I asked my colleagues at school how they feel they have changed as teachers and learners in the past year. This wordle shows their responses:

The fact that the biggest word is THINKING means that it was the most frequently used word, which I think is great! It tells you something about what we value as teachers and learners.  I like the fact that the words ‘teaching’ and ‘work’ are nowhere to be seen.  It shows how far we moved in our reflection and in our practice.

Most of the respondents were part of  a voluntary group of  teachers who come to school an hour early once a week to learn together. Our ‘thinking group’ meets fortnightly to discuss readings, share ideas and reflect on our teaching.  This is my in-school PLN, a group of committed teachers who have, over the past few years, become a true ‘community of learners,’ creating a culture of thinking and inquiry which has spread through the school, across disciplines, staff and students. The ‘technology group’ (many of the same people), meets on the alternate week to experiment with web 2.o tools and share how to use them in the classroom. This week I listened to Konrad Glogowski talking about ‘learning with‘  rather than ‘learning from‘ at the K-12 online conference and was struck by how much more meaningful this kind of PD can be than the traditional type.

Here are a few examples of the teachers’ responses to how they have changed:

‘I have learnt that together my students and I can explore topics and issues through the use of thinking routines and graphic organizers. We celebrate the fact that we are able to learn from each other in this way and see things from different perspectives and value our different views.’

I feel this year that I have become more exposed to technology  but I still feel that I need to implement more of what I have learned. I have also made an effort to focus on the children’s thinking and making connections with their previous knowledge through the regular use of thinking routines.’

I am beginning to shift from being a teacher to a facilitator.  Relinquishing control is challenging but the benefits are worthwhile. I have learned that listening to children’s thinking gives incredible insight into their understanding…’

‘Growing questions and thinking with the use of thinking routines and technology… is something I have learned and used a lot this year.’

PS. I asked the same question on Twitter (‘ How have you changed as a teacher/ learner in the past year?’), and the responses were somewhat different.  Most of them related to technology, to what teachers have got out of Twitter, to the benefits of an online PLN… but that’s another story…  🙂

PYP Key Concept: Change. Series of posts through the lens of key concepts of PYP.

On curiosity…

“I’ve noticed that people who read a lot of blogs and a lot of books also tend to be intellectually curious, thirsty for knowledge, quicker to adopt new ideas and more likely to do important work.

I wonder which comes first, the curiosity or the success?” (Seth Godin on Seth’s blog)

I’ve been thinking about it!  What do you think?

I have tried, unsuccessfully, to embed a video I liked of him talking about curiosity (made by Nic Askew). You can see it here.

He says that for 15 years of school, you are required to not be curious.  That’s not the case in our school…

This cartoon shows a reflection written by Rachel, in 5D.

Here is a collection student wonderings gathered from teachers in K-6 recently...

‘Can ants swim?’ (kinder)

‘If you are touching someone, and you can’t see them, how do you know who they are?’ (prep)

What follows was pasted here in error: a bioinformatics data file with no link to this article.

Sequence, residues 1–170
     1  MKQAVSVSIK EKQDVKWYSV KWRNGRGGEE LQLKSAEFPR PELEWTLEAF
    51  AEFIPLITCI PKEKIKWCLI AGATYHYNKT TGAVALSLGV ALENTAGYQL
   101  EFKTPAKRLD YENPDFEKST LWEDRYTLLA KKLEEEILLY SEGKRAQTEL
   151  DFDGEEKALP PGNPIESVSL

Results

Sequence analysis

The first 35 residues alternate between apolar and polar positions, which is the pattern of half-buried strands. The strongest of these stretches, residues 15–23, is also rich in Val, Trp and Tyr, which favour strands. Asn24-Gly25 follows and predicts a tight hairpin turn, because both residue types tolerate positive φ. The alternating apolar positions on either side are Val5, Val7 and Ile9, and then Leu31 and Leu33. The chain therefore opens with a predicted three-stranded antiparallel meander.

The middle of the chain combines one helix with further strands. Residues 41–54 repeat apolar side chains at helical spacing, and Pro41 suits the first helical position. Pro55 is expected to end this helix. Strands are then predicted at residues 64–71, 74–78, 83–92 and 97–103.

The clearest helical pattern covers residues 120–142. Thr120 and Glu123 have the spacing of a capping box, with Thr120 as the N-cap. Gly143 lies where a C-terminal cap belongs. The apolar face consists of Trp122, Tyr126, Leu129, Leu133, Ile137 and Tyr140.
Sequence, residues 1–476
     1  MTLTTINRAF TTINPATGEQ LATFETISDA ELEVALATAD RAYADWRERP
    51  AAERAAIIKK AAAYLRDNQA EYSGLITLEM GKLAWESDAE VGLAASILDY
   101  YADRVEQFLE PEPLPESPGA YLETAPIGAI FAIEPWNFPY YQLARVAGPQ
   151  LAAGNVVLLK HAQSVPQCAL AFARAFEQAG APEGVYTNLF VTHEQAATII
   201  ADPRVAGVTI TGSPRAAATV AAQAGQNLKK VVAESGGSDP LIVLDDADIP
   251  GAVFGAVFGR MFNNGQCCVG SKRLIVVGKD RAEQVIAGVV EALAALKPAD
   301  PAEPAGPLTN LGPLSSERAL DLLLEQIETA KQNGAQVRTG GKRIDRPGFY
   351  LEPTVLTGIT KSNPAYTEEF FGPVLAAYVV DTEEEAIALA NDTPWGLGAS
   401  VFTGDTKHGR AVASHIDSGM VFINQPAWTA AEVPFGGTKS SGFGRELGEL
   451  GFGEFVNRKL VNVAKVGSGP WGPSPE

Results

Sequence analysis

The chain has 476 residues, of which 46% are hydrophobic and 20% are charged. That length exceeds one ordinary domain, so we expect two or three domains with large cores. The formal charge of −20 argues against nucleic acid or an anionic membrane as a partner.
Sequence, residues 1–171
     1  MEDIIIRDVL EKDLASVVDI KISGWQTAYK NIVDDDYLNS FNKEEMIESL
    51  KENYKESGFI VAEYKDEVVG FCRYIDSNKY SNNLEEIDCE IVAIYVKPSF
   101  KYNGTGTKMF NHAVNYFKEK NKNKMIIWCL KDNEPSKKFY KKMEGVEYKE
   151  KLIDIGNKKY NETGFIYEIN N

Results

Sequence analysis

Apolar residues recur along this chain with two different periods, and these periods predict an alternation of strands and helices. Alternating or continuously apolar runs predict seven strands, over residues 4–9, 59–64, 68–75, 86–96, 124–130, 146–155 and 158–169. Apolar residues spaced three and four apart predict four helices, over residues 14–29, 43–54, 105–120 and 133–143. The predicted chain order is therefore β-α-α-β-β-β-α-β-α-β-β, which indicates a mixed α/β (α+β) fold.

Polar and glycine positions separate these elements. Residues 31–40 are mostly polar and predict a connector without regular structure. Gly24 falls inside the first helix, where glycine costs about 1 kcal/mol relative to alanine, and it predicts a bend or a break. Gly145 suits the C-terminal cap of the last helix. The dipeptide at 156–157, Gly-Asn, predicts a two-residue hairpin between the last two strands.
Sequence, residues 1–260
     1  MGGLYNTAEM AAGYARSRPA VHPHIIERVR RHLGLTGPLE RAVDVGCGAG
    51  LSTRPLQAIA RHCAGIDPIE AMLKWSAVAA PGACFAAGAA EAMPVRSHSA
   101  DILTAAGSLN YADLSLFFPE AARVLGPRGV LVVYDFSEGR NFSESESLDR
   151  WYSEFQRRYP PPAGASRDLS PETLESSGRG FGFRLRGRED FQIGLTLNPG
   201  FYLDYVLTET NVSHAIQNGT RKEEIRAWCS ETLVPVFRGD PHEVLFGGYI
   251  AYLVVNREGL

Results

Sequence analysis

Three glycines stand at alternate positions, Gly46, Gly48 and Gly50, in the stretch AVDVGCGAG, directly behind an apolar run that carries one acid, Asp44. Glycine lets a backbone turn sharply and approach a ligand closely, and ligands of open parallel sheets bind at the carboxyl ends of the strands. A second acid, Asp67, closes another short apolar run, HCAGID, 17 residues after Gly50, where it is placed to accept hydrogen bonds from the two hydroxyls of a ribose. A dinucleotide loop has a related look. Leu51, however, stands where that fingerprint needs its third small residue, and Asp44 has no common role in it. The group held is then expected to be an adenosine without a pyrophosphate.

‘Why can’t wealthy governments join together and stop child labour, barely livable conditions and unfair rules?’ (year 5)

‘How can religion affect a country’s system of governance ?’ (year 6)

‘What makes the wind blow to move things? (prep)

‘Why cant people use happiness as a weapon for good?’ (year 1)

‘What would happen to the water cycle if the sun went out?’ (year 4)

‘What causes Africa to be poor and Australia wealthy?’ (year 5)

‘Why can’t you speak under water?’ (prep)

‘If we plant the seed it will grow into a peanut tree. If we water it, it will grow normal peanuts but if you water it with swimming pool water will it grow salty nuts?’ (kinder)

‘I wonder if God prays back to us’ (year 2)

As PYP teachers (or any teachers!) we want our students to be thinkers and inquirers. We strive to encourage authentic inquiry learning.  We encourage our students to be intellectually curious.  Are we?

You are the result of yourself…

I have to admit I hadn’t heard of Chilean poet and writer, Pablo Neruda, till I read this quote on a blog yesterday:

“You are the result of yourself.”

It really made me think… all sorts of things.  About myself, my family, my colleagues, my students, disadvantaged people, privileged people, famous people, criminals…

I wondered what kids would make of it.  Here are some responses from 12 year-olds, some of whom didn’t write their names. Thank you 6B for your awesome thinking!

The decisions and choices you make reflect the deep inner person you are. (Jessie)

The only competition is yourself. (Ellie)

I think it’s saying, try your hardest.. that is good enough.

Your mind is controlled by you, so you choose your future (Aria)

If  you want something, you have to work for it. (Benji)

You are you who you are. Don’t try and be someone who you are not. (Ruby)

It’s up to you to decide what you are in life.

I think it means I must take action for what I believe in. (Jessie. H)

I think it means however you choose to live your life, you will get the results back. (Melanie)

The effort you put in affects the outcome that you carry around.

It means whatever you do, you can succeed in life, if you think you can.

If you try something, the result is you. You can make something happen.

If you do something wrong or right, you are responsible for the outcome or consequences. (Justin)

It’s about responsibility and thinking carefully before you do something. (Joel)

What ever you do is a reflection on you. (Talia)

What you do is what you become.. think carefully before you do! (Natalie)

You control your own actions. If you do something you must know that it might kick you in the butt later! (A.R)

Your past will come back to you in your future. (Ruby)

P.S. I only found the whole poem afterwards.